Osteoarthritis (OA) is the most common form of arthritis, affecting millions of people around the world. It can be thought of as a degenerative disorder arising from the biochemical breakdown of articular (hyaline) cartilage in the synovial joints. However, the current view holds that osteoarthritis involves not only the articular cartilage but also the entire joint organ, including the hands, neck, lower back, knees, and hips.
Types of osteoarthritis
Primary osteoarthritis: It is mostly related to aging. With aging, the water content of the cartilage increases, and the protein makeup of cartilage degenerates.
Secondary osteoarthritis: Secondary osteoarthritis is caused by another disease or condition. Conditions that can lead to secondary osteoarthritis include obesity, repeated trauma or surgery to the joint structures, abnormal joints at birth (congenital abnormalities), gout, diabetes, and other hormone disorders.
Globally approximately 250 million people have osteoarthritis of the knee (3.6% of the population). Osteoarthritis affects nearly 27 million people in the United States. It is estimated that 80% of the population have radiographic evidence of osteoarthritis by age 65, although only 60% of those will have symptoms. Osteoarthritis globally causes moderate to severe disability in 43.4 million people.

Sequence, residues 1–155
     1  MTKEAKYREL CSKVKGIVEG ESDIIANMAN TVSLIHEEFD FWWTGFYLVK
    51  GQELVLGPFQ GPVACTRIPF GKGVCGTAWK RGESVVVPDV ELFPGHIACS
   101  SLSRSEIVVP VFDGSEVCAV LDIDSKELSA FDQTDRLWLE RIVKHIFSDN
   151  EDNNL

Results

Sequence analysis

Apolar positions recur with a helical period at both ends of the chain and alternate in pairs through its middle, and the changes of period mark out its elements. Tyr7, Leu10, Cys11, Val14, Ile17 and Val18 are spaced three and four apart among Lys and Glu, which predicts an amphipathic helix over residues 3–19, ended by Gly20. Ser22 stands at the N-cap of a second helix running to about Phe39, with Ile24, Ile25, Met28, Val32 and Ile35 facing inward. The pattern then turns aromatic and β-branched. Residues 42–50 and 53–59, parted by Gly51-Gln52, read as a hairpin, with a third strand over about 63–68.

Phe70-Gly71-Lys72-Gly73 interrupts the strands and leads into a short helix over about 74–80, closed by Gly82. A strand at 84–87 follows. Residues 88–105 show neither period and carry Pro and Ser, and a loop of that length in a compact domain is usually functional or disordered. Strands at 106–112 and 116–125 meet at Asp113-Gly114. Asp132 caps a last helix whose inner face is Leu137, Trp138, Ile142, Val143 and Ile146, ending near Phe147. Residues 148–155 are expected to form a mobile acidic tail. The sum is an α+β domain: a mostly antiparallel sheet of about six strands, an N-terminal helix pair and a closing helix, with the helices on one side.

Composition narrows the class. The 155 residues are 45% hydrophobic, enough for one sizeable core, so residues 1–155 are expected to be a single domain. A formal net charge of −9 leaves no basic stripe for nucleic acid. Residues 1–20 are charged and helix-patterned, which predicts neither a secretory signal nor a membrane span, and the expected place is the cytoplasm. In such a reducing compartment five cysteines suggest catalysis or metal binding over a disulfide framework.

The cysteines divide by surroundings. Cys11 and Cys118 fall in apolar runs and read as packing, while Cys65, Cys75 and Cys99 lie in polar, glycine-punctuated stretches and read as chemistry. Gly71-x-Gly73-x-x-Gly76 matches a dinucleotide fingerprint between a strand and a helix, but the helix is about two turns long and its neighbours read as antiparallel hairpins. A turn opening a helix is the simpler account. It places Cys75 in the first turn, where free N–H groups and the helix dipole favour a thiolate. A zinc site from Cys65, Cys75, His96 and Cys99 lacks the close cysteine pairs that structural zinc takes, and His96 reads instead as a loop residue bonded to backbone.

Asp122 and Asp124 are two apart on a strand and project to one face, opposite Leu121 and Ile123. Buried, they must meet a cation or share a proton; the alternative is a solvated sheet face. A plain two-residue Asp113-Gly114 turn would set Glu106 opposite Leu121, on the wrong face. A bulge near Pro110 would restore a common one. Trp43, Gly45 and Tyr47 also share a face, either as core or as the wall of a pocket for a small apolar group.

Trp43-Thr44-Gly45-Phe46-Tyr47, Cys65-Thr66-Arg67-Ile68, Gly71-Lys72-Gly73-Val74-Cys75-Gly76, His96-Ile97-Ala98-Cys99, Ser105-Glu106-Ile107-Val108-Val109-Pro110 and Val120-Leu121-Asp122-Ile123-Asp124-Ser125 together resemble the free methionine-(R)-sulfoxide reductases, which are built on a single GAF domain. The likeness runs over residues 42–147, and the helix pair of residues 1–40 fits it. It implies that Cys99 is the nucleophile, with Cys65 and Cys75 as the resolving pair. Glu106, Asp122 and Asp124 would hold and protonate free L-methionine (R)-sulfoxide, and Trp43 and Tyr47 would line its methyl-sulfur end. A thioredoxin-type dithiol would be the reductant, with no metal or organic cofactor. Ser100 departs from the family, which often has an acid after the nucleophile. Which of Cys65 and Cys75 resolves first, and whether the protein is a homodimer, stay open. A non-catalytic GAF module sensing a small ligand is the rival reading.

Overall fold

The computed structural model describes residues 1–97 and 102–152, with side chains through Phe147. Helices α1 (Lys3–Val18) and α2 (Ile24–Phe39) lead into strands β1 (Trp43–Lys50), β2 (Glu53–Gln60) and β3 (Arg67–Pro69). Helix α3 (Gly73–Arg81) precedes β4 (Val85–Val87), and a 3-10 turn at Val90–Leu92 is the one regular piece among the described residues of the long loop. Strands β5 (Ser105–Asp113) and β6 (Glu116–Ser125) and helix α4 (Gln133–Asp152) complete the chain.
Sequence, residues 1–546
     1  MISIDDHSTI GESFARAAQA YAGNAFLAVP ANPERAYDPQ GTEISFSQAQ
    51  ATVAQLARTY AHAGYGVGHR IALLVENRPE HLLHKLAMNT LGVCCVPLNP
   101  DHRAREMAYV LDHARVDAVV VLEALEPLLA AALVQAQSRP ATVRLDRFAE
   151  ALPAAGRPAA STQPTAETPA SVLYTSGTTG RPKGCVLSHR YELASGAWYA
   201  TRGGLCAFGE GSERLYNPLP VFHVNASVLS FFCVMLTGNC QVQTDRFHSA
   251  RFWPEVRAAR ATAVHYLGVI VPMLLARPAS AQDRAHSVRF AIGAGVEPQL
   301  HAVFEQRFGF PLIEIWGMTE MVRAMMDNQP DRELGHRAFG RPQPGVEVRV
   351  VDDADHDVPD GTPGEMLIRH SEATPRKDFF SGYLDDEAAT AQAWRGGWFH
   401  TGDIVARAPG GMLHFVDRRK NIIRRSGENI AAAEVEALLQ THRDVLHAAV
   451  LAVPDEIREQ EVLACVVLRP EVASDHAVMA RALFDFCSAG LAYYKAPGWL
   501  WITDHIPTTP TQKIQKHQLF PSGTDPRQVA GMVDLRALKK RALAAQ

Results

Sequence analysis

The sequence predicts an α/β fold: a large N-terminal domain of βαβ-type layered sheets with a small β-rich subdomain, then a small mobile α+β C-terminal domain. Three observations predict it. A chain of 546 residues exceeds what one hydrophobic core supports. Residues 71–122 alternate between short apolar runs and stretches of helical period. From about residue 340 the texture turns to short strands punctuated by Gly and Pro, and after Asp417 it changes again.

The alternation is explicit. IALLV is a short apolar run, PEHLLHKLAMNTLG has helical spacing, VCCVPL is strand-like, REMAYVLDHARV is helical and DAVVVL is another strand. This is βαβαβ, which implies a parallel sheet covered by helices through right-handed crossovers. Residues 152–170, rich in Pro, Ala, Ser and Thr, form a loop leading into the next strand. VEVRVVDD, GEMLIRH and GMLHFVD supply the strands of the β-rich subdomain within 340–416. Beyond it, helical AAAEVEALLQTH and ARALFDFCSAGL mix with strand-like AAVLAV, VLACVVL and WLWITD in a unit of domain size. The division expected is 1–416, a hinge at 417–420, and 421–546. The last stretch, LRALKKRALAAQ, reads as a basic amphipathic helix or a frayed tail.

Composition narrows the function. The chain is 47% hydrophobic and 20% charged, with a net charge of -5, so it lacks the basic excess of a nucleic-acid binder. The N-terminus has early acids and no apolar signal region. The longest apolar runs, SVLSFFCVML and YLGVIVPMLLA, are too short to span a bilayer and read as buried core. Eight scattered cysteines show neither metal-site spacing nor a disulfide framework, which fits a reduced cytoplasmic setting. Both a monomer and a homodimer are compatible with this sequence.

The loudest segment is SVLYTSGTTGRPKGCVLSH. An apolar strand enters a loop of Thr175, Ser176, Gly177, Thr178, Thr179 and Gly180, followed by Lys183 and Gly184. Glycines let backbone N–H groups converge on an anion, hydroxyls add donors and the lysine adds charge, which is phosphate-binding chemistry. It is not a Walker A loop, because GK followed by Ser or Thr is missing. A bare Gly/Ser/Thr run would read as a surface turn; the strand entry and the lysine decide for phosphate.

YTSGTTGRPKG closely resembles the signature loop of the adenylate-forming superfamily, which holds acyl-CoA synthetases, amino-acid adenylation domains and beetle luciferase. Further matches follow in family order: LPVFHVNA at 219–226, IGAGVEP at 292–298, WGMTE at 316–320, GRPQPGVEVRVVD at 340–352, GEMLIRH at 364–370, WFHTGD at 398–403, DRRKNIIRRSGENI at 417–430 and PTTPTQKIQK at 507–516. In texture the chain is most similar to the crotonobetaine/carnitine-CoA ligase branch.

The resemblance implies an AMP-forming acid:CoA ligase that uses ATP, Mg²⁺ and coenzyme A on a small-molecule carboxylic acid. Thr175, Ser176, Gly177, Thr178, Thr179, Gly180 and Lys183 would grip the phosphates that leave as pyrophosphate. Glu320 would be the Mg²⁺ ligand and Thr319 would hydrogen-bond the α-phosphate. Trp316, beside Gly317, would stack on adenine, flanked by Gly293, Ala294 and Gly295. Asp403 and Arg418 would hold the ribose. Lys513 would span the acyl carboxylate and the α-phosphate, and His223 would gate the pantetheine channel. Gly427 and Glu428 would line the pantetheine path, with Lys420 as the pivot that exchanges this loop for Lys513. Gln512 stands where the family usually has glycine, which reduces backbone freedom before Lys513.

Osteoarthritis occurs when the cartilage that cushions the ends of bones in joints deteriorates over time. Cartilage is a firm, slippery tissue that permits nearly frictionless joint motion. In osteoarthritis, the slick surface of the cartilage becomes rough.
The daily stresses applied to the joints, especially the weight-bearing joints (e.g., ankle, knee, and hip), play an important role in the development of osteoarthritis. Most investigators believe that degenerative or alterations in osteoarthritis primarily begin in the articular cartilage, as a result of either excessive loading of a healthy joint or relatively normal loading of a previously disturbed joint. External forces accelerate the catabolic effects of the chondrocytes and further disrupt the cartilaginous matrix.
Knee osteoarthritis is classified as either primary (idiopathic) or secondary. Among the various structures making up the knee joint, the hyaline joint cartilage is the main target of the harmful influences that cause osteoarthritis and the structure in which the disease begins. About 95% of hyaline cartilage consists of an extracellular matrix.
Older age: The risk of osteoarthritis increases with age.
Sex: Women are more likely to develop osteoarthritis, though the reason is unknown.